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A Liderc, or Lidérc, is a unique supernatural being of Hungarian folklore. It has three known varieties, which often borrow traits from one another.


First Form

The first, more traditional form of the Lidérc is as a miracle chicken, csodacsirke in Hungarian, which hatches from the first egg of a black hen kept warm under the arm of a human. Some versions of the legend say that an unusually tiny black hen's egg, or any egg at all, may become a Lidérc, or that the egg must be hatched by placing it in a heap of manure.[1] The Lidérc attaches itself to people to become their lover. If the owner is a woman, the being shifts into a man, but instead of pleasuring the woman, it fondles her, sits on her body, and sometimes sucks her blood, making her weak and sick after a time. From this source comes a Hungarian word for nightmare -- lidércnyomás, which literally means "Lidérc pressure", from the pressure on the body while the being sits on it. Alternate names for the Lidérc are iglic, ihlic in Csallóköz, lüdérc, piritusz in the south, and mit-mitke in the east.[2] The Lidérc hoards gold and thus makes its owner rich. To dispose of this form of the Lidérc, it must be persuaded to perform an impossible task, such as haul sand with rope, or water with a sieve. It can also be destroyed by locking it into a tree hollow.

Second Form

The second variety of the Lidérc is as a tiny being, a temporal devil, földi ördög in Hungarian. It has many overlapping qualities with the miracle chicken form, and it may also be obtained from a black hen's egg, but more often it is found accidentally in rags, boxes, glass bottles, or in the pockets of old clothes. A person owning this form of the Lidérc suddenly becomes rich and is capable of extraordinary feats, because the person's soul has supposedly been given to the Lidérc, or even to the Devil.[3]

Third Form

The third variety is as a Satanic lover, ördögszerető in Hungarian, quite similar to an Incubus or succubus. This form of the Lidérc flies at night, appearing as a fiery light, a will o' the wisp, or even as a bird of fire. In the northern regions of Hungary and beyond, it is also known as ludvérc, lucfir. In Transylvania and Moldavia it goes by the names of lidérc, lüdérc, and sometimes ördög, literally, the Devil. While in flight, the Lidérc sprinkles flames. On earth, it can assume a human shape, usually the shape of a much lamented dead relative or lover. Its footprints are that of a horse. The Lidérc enters houses through chimneys or keyholes, brings sickness and doom to its victims. It leaves the house with a splash of flames and dirties the walls. Burning incense and birch branches prevent the Lidérc from entering one's dwelling. In the eastern regions of Hungary and beyond, it is said the Lidérc is impossible to outrun, it haunts cemeteries, and it must disappear at the first crow of a rooster at dawn.[4]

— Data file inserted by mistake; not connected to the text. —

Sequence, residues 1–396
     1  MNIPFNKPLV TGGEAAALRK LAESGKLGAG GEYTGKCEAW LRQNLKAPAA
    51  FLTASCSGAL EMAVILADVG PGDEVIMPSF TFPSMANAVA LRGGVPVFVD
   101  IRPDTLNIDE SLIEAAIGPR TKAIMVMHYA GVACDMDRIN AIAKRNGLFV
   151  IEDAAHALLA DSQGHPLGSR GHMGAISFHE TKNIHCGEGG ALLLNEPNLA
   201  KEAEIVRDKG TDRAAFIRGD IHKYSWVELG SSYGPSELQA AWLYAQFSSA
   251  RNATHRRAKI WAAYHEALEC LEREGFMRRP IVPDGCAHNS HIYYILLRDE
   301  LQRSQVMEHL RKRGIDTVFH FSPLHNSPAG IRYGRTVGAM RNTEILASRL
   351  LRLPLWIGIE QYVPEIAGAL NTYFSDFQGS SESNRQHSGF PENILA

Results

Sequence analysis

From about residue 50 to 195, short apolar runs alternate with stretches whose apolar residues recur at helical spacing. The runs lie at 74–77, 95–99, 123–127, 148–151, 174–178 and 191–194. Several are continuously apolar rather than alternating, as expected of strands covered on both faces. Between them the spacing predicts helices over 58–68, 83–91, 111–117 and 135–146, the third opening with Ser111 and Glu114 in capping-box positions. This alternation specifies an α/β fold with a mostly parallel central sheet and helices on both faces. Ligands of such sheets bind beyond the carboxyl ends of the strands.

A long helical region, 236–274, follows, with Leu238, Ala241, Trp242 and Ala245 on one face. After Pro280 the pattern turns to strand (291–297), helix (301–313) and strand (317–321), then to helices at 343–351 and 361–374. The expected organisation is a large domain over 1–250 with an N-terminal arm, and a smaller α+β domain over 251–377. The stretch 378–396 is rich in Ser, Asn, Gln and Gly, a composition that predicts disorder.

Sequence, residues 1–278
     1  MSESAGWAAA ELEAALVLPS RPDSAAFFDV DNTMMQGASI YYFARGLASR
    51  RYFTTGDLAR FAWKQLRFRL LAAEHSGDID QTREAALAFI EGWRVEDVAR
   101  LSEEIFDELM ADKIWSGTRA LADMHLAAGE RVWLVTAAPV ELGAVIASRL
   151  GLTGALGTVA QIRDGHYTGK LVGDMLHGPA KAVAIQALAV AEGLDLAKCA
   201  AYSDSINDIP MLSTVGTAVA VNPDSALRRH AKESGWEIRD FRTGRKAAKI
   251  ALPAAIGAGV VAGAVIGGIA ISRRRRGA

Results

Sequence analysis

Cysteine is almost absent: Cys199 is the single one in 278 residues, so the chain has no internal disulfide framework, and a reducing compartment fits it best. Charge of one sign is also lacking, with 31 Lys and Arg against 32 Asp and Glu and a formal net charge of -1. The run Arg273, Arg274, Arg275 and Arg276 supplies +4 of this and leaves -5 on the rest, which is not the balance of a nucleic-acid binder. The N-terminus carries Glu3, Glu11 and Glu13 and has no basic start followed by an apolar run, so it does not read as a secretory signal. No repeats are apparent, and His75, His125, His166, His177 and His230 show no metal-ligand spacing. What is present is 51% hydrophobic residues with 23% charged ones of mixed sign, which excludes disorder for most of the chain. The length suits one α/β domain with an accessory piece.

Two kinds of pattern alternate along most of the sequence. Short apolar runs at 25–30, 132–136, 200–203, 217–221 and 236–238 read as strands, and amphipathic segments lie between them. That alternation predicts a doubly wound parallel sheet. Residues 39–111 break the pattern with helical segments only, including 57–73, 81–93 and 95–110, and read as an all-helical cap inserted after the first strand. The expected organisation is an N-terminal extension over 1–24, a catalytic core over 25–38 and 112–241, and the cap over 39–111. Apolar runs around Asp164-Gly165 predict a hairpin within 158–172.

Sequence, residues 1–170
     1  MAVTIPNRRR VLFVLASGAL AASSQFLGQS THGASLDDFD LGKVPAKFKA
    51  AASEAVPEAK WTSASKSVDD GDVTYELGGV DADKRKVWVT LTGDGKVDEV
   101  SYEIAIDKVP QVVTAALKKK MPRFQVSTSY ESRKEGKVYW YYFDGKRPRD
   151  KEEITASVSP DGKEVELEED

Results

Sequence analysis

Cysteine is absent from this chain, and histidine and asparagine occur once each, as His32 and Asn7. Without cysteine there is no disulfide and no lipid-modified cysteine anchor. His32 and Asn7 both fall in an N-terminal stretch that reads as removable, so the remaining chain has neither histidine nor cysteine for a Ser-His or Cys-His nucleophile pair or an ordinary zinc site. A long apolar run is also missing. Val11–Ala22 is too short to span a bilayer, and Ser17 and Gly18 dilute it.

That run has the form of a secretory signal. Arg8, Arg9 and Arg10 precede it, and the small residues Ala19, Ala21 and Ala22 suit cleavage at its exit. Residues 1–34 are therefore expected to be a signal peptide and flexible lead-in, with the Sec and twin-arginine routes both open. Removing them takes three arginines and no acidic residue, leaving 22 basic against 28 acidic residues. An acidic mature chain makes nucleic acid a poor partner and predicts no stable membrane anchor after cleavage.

Appearances in Modern Literature

A lidérc is mentioned in the famous historical novel, The Name of the Rose, by Umberto Eco.

But he knew a prodigious spell that would make every woman succumb to love. You had to kill a black cat and dig out its eyes, then put them in two eggs of a black hen, one egg in one eye, one eye in the other (and he showed me two eggs that he swore he had taken from appropriate hens). Then you had to let the eggs rot in a pile of horse dung (and he had one ready in a corner of the vegetable garden where nobody ever went), and there a little devil would be born from each egg, and would then be at your service, procuring for you all the delights of this world.

  • mentioned in Katie MacAlister's novel Fire Me Up as a variety of vampire.
  • mentioned in Carol Goodman's novel, The Incubus (re-released as The Demon Lover under the penname Juliet Dark).
  • mentioned in B. Justin Shier's novel, "Zero Sum", as a six armed rapist monster.

Appearances in Media

A shape-shifting Lidérc is revealed in Lost Girl episode "Caged Fae" (301).


  1. Encyclopedia of Hungarian Folklore. (in Hungarian) http://www.mek.ro/02100/02115/html/3-1332.html
  2. Encyclopedia of Hungarian Folklore. (in Hungarian) http://www.mek.ro/02100/02115/html/3-1332.html
  3. Encyclopedia of Hungarian Folklore. (in Hungarian) http://www.mek.ro/02100/02115/html/3-1332.html
  4. Encyclopedia of Hungarian Folklore. (in Hungarian) http://www.mek.ro/02100/02115/html/3-1332.html


  • Magyar Néprajzi Lexicon Encyclopedia of Hungarian Folklore (in Hungarian)
  • Eco, Umberto (1980) Il nome della rosa. Gruppo Editoriale Fabbri-Bompiani, Sonzongo, Etas S.p.A

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